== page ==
Dairy farmers reject vegan calls to switch to plant products

Dairy farmers have hit back at calls by vegan organisations for the UK government to encourage them to leave the industry and transition to plant-based farming.

A collective group of vegan advocacy organisations in the UK has written to Defra secretary George Eustice, asking that dairy farmers should be given help to make the switch.

The letter (PDF) claims that demand for dairy has dropped significantly since the start of the coronavirus pandemic – and that this has forced a number of dairy producers to dump milk.

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“The UK dairy industry is clearly in decline,” the letter states. “There are now fewer than 9,500 dairy farms in the UK compared with 13,000 10 years ago, and it has been predicted there will be fewer than 5,000 by 2025.

“On the other hand, the UK market for dairy alternatives has grown by 150% in six years. Plant-based business is positively booming.”

The vegan collective, which includes the Vegan Society, Animal Aid, Viva! and Peta UK, states that instead of the government providing financial help for the dairy sector, it should support for “a progressive transition over to more sustainable, healthier and planet-friendly, non-animal-based agriculture”.

“We strongly believe that financial assistance should be focused on supporting farmers to move to this more sustainable and compassionate alternative,” the letter states.

Farmer reaction

However, UK dairy farmers have reacted angrily to suggestions that their industry is in decline and accused the vegan groups of disseminating “misguided” information.

Ben Paterson, a dairy calf rearer and relief milker based in Cheshire, said: “Demand for dairy isn’t down. Other than the 3% drop in production that farmers have been asked to do because of the coronavirus, I don’t see the demand on the supermarket shelves is down.

“I go into the Co-op stores and since the start of the pandemic, all the milk has been selling out on shelves and then being re-stocked.

“The reason some farmers are having to pour away milk is because of the likes of Costa Coffee being shut. It’s a supply chain issue rather than a decrease in demand.”

He added: “Milk goes into so many things – chocolate, cream, ice cream, etc. I just don’t think we can grow enough crop to make oat milk sustainable enough to feed the nation.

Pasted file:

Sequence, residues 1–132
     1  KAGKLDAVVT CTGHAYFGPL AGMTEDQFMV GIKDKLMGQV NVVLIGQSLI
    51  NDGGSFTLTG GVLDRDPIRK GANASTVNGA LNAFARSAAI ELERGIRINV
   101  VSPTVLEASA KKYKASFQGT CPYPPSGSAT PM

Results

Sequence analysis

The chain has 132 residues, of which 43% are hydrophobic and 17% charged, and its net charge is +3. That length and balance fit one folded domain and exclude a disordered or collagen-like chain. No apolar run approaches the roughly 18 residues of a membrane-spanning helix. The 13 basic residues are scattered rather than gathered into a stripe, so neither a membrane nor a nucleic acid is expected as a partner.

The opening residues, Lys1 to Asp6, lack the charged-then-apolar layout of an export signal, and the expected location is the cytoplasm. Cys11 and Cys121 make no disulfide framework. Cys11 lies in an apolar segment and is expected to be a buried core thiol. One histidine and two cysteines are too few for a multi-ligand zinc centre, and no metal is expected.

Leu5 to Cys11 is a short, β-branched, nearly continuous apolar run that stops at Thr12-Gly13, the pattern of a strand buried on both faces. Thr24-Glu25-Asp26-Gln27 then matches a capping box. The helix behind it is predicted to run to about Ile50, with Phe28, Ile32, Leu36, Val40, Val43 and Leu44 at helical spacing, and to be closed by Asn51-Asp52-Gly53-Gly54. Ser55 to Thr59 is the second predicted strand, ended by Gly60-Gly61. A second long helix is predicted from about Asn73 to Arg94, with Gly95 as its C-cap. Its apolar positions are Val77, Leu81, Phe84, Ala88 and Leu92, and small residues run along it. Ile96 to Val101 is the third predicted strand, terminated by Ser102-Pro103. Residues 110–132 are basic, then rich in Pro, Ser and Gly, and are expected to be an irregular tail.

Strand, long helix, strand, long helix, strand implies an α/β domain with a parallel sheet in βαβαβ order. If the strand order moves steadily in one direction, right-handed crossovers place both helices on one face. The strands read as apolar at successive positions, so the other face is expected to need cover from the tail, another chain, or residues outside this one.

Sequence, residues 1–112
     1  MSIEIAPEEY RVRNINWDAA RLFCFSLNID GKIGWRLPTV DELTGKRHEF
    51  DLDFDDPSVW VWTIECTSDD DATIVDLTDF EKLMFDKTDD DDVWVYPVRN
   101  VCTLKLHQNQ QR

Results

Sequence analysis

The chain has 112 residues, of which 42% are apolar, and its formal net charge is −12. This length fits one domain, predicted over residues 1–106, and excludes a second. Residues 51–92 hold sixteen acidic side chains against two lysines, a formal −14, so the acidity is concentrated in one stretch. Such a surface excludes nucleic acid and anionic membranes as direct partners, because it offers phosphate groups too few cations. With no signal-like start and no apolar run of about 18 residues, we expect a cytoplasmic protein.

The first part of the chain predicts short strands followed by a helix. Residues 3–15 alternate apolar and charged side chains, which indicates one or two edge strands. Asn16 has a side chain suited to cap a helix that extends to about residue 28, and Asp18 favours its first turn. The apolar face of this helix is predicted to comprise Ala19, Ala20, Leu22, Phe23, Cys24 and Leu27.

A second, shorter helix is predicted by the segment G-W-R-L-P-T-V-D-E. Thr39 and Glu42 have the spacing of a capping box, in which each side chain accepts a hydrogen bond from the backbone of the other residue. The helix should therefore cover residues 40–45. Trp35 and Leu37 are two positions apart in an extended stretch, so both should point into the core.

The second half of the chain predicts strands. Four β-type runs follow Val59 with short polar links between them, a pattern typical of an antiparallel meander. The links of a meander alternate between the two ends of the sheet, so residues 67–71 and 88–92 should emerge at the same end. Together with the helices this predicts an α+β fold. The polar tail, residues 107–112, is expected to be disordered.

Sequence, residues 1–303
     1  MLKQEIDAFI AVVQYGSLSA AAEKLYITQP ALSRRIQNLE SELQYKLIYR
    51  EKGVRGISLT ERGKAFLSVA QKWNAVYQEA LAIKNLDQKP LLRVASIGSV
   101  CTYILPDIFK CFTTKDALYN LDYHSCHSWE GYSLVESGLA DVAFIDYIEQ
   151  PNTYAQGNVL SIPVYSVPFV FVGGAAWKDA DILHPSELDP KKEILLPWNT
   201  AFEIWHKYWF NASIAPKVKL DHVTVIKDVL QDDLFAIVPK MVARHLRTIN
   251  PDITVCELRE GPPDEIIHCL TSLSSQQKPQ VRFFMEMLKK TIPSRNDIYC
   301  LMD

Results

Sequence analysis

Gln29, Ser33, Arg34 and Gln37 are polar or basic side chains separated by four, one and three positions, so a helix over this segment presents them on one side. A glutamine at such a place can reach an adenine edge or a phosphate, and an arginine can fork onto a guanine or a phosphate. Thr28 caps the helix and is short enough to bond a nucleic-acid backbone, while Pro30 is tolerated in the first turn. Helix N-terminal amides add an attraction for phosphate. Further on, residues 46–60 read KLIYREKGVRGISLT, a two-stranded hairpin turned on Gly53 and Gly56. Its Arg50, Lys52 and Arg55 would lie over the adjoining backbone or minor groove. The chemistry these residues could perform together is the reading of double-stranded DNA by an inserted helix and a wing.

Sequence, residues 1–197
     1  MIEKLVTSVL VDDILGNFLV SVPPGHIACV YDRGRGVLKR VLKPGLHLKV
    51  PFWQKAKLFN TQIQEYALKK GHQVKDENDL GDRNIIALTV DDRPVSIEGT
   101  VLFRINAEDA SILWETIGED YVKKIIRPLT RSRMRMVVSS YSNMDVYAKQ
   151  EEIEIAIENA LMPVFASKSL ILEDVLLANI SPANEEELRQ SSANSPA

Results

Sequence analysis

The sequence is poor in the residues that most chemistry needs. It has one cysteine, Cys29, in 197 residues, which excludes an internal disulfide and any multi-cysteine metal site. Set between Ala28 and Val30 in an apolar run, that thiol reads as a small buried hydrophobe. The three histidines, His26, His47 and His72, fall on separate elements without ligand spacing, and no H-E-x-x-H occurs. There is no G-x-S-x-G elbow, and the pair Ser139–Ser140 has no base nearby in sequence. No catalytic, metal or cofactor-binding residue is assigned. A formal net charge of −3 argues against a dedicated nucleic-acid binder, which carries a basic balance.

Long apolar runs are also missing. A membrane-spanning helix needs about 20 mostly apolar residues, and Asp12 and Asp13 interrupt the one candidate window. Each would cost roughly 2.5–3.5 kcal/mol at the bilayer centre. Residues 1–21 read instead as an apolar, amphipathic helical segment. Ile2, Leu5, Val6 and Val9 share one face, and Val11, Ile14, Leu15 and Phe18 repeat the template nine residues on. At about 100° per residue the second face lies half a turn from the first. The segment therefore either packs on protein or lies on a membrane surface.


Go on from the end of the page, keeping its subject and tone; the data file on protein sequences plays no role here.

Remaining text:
“When you look at these other countries where they are making almond milk, the people are kept in terrible conditions, far worse than we keep our cows in.”

End user change

Richard Pilkington, who runs the Aintree Holsteins herd in Hope, near Wrexham, said: “My neighbour was up in arms because she could not get milk from her local shop.

“It’s not the case that there has been a drop in demand for milk. The end user/place of consumption has changed and we cannot get the milk to the market that wants it at the moment.

“Because of the closure of the foodservice and hospitality sectors, it has been difficult to redirect our milk in a hurry. If there had been some planning, we would have been okay.”

Demand for milk and dairy products remains strong, says AHDB

Any suggestion that the dairy industry is in decline is not supported by the evidence, the AHDB has said, as demand for milk remains strong. 

AHDB strategy director for dairy Paul Flanagan said: “A total of 98% of UK households continue to buy dairy products and recognise the important role it plays in a healthy, balanced diet.

“In fact, our latest research shows that in April, sales of dairy products were up 9.2 per cent compared with 2019 – driven by milk, of which an additional 38 million litres were sold compared with last year. This is the highest volume of milk sold in April in at least five years.

“The challenges facing the dairy industry today due to coronavirus are not the result of a decline in demand from consumers, it is the loss of foodservice, with restaurants, pubs, cafes and tearooms, which normally consume oceans of milk and other dairy products, closing overnight.

“And while figures show there are fewer dairy farms in the UK, through efficiency gains production levels remain the same. Dairy has always been, and I am confident will continue to be, an integral part of people’s lives.”

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